Nicole Squirrel, 49

A beloved wife, mother, sister and friend, Nicole Squirrel died suddenly on Friday late afternoon in Lansdale, Pennsylvania, a suburb of Philadelphia. While trying to reach for an acorn, she fell from a tree into oncoming traffic. Her death was immediate. Nicole, known by her close friends and family as “Nicky,” was a hard working, stay-at-home squirrel. The parishioners in her bible study group at St. Matthew’s called her a true Proverbs 31 Squirrel.

Nicky’s real passion in life was her miniature acorn portraits, a skill passed down to her from her ancestors, an art form dating back to the early 1800’s. The tiny likenesses require a skill rarely duplicated outside Eastern Pennsylvania. Some have called acorn painting “kitschy,” but insiders understand how truly artistic and cherished these miniatures are. One family member—identifying himself only as Cousin Pauly—said in regards to Nicole’s character as well as her caricatures, “Yous guys need to know this. Nicky’s nuts were worth an upwards of fifty bucks per. But she was too generous. She even gave her nuts to some grasshoppa’s. She was an angel, that Nicky. God rest her soul.”

Nicky’s portraits are characterized by tousled hair, highlighted with broad sweeping brush strokes and cinnamon colored eyes.

At her memorial, Nicky’s grieving family comforted each other with memories and anecdotes about Nicky’s tail always being stained with whatever paint she’d last used. Nicky’s family asks that if you own a miniature portrait painted by Nicole Squirrel that you’d respect the worth of the acorn and not eat it if the winter ever runs long. Any families wishing to donate their acorns back to the family should be assured that the miniature will be added to a collection that will be displayed in the Second Oak to the Left Museum in the front yard of the Barnes Foundation in Philly’s city center.

Nicole Squirrel-1
(Guest Photographer: Richard Braud, Lansdale PA)
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Charles Opossum, 40

Charles Opossum, the quiet entrepreneur who, as Baby Charlie, captured national attention after falling into an abandoned well, died on Wednesday night. He was 40.

The cause of death was minivan, according to tire and bumper impressions.

Sporting bright, beady eyes and a rosy nose, Charles Opossum reluctantly spent his life in the public eye. He was born, with six others, on January 7, 1972, to a schoolteacher and a traveling musician. A gentle child, he gained fame at the tender age of four months after he wandered from his mother’s back and tumbled into a well near the family’s tree. Rescuers labored for nearly three days to free Baby Charlie, who, throughout the ordeal, remained perfectly still on his side.

News footage of the harrowing event spread like wildfire, and before long, the nation sported Baby Charlie fever. Unauthorized biographies, including the bestseller Too Close to Not Fall: The Baby Charlie Story, followed, as did the television movie, Out of the Hole, into our Hearts: Rescuing Baby Charlie. As to be expected, overexposure of young Charles led to eventual backlash, with several opossum groups questioning the media’s ultimate intentions in shining the spotlight on Baby Charlie. It has been argued that the term “media circus” originated out of this disgust.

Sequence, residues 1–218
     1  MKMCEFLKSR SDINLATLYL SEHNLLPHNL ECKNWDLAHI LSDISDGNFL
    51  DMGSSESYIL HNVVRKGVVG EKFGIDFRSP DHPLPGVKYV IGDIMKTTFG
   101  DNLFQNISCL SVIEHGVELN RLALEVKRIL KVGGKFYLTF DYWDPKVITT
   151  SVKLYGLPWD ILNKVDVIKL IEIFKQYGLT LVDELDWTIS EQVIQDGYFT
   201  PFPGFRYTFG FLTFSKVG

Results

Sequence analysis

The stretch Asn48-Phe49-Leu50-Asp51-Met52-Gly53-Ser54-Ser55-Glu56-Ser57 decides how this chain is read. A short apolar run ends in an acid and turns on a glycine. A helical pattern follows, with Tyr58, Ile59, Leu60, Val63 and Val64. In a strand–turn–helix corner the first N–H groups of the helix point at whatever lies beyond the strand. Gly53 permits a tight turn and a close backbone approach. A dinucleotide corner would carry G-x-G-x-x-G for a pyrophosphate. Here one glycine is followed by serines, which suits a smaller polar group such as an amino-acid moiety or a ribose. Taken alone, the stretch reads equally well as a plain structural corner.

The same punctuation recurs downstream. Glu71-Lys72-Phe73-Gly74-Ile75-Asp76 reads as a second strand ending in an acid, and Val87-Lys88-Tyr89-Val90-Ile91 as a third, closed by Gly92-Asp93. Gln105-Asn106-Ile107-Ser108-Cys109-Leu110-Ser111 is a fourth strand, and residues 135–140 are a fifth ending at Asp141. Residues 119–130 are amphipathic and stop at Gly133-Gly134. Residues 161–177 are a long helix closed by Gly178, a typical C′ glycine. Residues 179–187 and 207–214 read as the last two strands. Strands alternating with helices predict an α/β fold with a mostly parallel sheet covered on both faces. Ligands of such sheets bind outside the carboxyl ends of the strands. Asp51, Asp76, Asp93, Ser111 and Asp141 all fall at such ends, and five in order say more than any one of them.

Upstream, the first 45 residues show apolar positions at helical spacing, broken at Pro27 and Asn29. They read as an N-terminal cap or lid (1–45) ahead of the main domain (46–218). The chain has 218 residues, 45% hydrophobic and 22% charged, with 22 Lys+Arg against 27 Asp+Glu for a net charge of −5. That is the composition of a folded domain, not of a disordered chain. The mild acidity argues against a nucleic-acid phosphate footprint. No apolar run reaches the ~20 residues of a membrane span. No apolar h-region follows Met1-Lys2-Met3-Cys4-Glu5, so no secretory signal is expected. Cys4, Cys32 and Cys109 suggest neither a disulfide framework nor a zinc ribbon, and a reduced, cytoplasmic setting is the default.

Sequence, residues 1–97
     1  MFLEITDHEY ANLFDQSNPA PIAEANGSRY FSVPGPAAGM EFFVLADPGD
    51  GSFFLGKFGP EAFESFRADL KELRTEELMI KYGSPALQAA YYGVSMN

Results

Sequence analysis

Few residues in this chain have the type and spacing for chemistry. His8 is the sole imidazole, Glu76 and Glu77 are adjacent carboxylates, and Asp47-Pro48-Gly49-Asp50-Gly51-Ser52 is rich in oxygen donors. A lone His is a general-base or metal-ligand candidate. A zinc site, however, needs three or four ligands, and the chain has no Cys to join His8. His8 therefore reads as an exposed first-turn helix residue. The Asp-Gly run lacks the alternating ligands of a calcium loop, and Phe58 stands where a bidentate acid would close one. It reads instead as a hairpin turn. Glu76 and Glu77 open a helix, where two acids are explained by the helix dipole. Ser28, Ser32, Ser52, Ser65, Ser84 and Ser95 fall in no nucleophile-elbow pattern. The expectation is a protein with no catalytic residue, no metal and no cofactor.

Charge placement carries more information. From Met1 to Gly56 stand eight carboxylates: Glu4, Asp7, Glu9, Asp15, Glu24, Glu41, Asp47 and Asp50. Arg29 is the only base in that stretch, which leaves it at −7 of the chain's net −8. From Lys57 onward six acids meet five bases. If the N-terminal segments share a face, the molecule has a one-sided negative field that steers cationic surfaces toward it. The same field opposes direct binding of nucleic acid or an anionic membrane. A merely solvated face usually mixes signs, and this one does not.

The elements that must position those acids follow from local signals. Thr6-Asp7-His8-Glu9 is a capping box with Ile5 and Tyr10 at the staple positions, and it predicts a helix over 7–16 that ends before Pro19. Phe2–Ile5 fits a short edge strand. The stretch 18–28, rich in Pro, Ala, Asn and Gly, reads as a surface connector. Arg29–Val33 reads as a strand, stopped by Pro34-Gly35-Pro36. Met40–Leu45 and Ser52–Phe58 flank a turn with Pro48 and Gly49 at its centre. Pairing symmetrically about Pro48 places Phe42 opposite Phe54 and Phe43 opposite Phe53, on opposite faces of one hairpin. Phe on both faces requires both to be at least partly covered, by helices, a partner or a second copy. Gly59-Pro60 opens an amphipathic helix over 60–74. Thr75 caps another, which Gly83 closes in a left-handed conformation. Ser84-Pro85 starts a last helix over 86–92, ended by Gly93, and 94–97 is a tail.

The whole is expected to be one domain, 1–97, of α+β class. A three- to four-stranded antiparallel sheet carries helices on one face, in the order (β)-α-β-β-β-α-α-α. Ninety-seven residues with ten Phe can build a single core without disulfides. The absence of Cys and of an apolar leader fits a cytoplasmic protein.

“I never quite got used to the attention,” Charles said in a 2008 interview. “To be perfectly honest, it isn’t in my nature to engage in much of anything.” He confessed to years of professional coaching, which he said helped him “not just drop to the ground” when approached by photographers and television cameras.

In 1995, Charles received a trust fund of donations worth an estimated $200,000. With this money he opened his first successful business, Do-It-Quik Abandoned Well Fillers. That same year he began a scholarship program targeting young, underserved opossums. Further business ventures included Baby Charlie’s Lil’ Tyke Tethers, Baby Charlie’s Lil’ Tyke Trackers, and C.O. Industries, a communications firm and think tank.

Charles Opossum never married. He is survived by his siblings, Christopher, Caleb, Clay, Chelsea, Caitlin, and Chantel. The family asks for privacy during this time of mourning.

Charles Opossum
©2012 David Braud Photography
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Moldavia Rabbit, 73

Beloved literature professor Mrs. Moldavia Rabbit, was killed instantly on Saturday night on Old Hillsboro Rd., only meters from her burrow. She was returning from a late night poetry slam where it is rumored, the local “Rotten Peach Moonshine” was in abundance. Despite her auditory prowess, she did not hear the stealthy Prius until it was too late. Her latest work, The Tell Tale Heartache, The Life and Work of Edgar Allen Poe, will be released posthumously in July 2012.

Mrs. Moldavia Rabbit
©2012 David Braud Photography
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